SUMMARY OF THE INVENTION

This invention comprises thermoplastic copolyamide-imides characterized by a molecular weight represented by an inherent viscosity (as a 0.5 percent weight by weight solution in dimethylformamide) of 0.5 to 0.9 dL/g. and a heat deflection temperature of at least 170 C. and further characterized in that, of the total recurring units in the molecule, from 30 to 40 percent correspond to the formula: ##STR1## from 26 to 44 percent correspond to the formula ##STR2## and the remainder, but not more than 32 percent, correspond to the formula ##STR3## wherein Ar in all instances represents a divalent aromatic moiety of which from 0 to 10 mole percent in any instance is selected from the group consisting of tolylene-2,4, tolylene-2,6, and mixtures thereof, and from 90 to 100 mole percent are of the formula ##STR4## and wherein Cn H2n represents alkylene having from 7 to 10 carbon atoms.

The invention also comprises a process for the preparation of the above described copolyamide-imides.

The term "alkylene having from 7 to 10 carbon atoms" means a divalent saturated, straight or branched chain aliphatic hydrocarbon radical containing the stated number of carbon atoms. Illustrative of such alkylene groups are heptylene, octylene, nonylene, decylene and isomeric forms thereof.

DETAILED DESCRIPTION OF THE INVENTION

The copolyamide-imides of the invention can be prepared by methods which are broadly known in the art, subject to the inclusion of means for controlling molecular weight of the end-product which means will be discussed in more detail below.

Preferably the copolyamide-imides are prepared by reacting the appropriate diisocyanate, namely 4,4'-methylenebis(phenyl isocyanate), optionally admixed with the appropriate proportion of 2,4- and or 2,6-toluene diisocyanate, with trimellitic anhydride, isophthalic acid and the aliphatic dicarboxylic acid, the latter components being employed in proportions corresponding to the particular proportion of recurring units (I), (II) and (III) desired in the end-product.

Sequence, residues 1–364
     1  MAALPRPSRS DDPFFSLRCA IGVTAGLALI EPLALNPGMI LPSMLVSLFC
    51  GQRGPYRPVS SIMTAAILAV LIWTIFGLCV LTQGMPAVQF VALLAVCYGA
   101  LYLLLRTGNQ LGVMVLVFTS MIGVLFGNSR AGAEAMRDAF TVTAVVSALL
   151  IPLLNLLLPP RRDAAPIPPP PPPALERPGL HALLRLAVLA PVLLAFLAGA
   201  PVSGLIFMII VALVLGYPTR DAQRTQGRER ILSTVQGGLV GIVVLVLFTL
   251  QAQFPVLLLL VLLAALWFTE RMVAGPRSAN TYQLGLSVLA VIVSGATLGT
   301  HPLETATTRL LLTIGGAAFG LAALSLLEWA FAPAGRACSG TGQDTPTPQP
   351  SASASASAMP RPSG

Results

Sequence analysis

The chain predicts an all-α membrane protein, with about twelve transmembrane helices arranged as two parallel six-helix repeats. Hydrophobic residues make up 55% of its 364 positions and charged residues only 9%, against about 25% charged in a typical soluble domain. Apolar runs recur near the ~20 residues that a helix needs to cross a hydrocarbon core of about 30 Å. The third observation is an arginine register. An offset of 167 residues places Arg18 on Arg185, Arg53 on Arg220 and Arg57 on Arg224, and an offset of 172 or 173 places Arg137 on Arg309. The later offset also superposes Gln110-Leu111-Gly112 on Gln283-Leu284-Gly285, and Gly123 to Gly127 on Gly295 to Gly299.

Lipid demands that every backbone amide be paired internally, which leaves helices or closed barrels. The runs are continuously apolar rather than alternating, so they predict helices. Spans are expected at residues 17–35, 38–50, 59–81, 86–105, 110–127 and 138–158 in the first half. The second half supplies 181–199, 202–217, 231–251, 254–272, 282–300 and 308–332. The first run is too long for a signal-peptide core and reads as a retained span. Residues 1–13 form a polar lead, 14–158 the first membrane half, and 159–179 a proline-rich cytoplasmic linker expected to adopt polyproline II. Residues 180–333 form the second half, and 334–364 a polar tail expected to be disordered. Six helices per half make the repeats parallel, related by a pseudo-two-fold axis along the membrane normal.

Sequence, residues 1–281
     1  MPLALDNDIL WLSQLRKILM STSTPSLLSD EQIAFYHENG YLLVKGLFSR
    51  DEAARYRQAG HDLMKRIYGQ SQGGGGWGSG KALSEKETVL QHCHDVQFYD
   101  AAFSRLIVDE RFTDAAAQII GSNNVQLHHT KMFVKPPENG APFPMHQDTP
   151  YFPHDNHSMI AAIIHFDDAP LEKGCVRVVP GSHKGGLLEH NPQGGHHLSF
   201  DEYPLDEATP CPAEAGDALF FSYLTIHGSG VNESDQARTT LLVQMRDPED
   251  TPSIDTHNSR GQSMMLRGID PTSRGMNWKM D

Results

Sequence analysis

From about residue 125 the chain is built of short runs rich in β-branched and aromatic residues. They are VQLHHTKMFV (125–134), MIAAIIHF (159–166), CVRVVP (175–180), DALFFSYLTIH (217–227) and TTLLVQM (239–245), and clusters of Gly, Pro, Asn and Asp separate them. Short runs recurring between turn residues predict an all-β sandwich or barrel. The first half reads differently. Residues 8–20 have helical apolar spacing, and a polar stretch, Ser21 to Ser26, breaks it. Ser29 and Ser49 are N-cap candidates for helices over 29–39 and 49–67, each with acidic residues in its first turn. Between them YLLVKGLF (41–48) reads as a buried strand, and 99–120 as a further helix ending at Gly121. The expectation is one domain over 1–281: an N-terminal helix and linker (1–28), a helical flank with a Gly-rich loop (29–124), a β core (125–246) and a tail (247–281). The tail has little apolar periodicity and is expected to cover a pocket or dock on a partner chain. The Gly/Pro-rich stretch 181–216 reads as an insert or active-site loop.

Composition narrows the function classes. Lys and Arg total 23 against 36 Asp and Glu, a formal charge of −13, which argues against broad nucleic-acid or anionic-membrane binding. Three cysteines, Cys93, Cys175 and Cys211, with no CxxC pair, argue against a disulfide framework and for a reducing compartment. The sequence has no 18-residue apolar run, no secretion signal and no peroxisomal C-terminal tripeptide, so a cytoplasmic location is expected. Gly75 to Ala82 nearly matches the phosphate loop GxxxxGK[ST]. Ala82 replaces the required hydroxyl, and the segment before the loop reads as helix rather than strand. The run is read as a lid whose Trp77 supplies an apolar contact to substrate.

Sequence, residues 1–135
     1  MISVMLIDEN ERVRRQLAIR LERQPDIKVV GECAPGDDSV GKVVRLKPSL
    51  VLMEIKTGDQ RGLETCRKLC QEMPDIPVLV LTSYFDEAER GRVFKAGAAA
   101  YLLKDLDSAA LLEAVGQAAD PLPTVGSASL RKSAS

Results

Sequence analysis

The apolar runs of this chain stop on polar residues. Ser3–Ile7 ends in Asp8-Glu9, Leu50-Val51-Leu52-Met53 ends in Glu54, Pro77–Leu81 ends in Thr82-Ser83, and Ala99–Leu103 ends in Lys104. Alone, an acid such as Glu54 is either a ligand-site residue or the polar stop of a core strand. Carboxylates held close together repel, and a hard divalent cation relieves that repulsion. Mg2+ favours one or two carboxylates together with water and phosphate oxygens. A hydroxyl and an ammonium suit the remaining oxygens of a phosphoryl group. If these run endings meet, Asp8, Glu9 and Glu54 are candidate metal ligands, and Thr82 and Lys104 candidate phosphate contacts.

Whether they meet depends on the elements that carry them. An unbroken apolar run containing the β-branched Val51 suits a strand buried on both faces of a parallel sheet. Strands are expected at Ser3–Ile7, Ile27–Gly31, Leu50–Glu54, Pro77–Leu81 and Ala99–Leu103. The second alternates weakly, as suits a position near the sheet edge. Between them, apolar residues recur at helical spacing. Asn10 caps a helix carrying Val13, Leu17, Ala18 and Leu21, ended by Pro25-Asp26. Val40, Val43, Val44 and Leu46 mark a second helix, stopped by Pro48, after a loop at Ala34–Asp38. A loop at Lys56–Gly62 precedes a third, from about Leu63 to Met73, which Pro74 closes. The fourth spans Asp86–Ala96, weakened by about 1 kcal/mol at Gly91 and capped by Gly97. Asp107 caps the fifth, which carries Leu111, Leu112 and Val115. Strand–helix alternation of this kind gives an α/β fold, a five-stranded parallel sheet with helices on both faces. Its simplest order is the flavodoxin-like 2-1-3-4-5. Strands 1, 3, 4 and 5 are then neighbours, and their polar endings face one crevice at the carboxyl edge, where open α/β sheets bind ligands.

The overall proportion of isocyanate groups to total equivalents of carboxylic acid and anhydride groups is substantially 1:1. When toluene diisocyanate is included in the polyisocyanate component of the reactants, it is employed advantageously in a proportion of the order of about 1 moles to 10 moles per 100 moles of the methylenebis(phenyl isocyanate) and preferably of the order of 5 moles to 8 moles per 100 moles of the other diisocyanate. The diisocyanate component can also contain minor amounts (i.e. up to about 5 moles percent) of 2,4'-methylenebis(phenyl isocyanate).

The reaction conditions are advantageously those described in the aforesaid U.S. Pat. No. 4,115,372. Thus, the mixture of carboxylic acids and anhydride are dissolved in a dipolar aprotic solvent such as dimethylsulfoxide, diethylsulfoxide, dimethylformamide, diethylformamide, dimethylacetamide, tetramethylurea, hexamethylphosphoramide, N-methylpyrrolidone, tetramethylsulfone, dimethylsulfone, and the like. The resulting solution is then treated, at a temperature in the range of about 100 C. to about 225 C., with the diisocyanate which, advantageously, is also dissolved in the same or like solvent. Preferably the diisocyanate solution is added slowly to the carboxylic acid reactants with good agitation to ensure adequate mixing of the reactants. The progress of the reaction can be followed by routine analytical procedures such as infrared spectroscopy. The required copolyamide-imide can be isolated from the reaction product by routine procedures such as precipitation by addition of a non-solvent of which water, acetone, methyl ethyl ketone, methanol, isopropanol, and ethanol are typical.